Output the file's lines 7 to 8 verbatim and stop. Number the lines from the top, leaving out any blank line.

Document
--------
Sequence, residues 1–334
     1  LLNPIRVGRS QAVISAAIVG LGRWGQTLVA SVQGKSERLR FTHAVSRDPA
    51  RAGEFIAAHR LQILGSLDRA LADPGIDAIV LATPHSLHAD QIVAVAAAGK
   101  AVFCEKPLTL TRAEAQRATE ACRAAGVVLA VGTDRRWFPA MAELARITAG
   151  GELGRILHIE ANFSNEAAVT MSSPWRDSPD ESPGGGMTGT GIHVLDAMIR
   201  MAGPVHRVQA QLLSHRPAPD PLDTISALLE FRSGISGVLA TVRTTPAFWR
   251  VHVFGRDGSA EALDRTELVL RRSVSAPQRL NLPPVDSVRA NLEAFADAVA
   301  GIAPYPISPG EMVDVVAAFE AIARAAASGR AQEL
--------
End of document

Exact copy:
   251  VHVFGRDGSA EALDRTELVL RRSVSAPQRL NLPPVDSVRA NLEAFADAVA
   301  GIAPYPISPG EMVDVVAAFE AIARAAASGR AQEL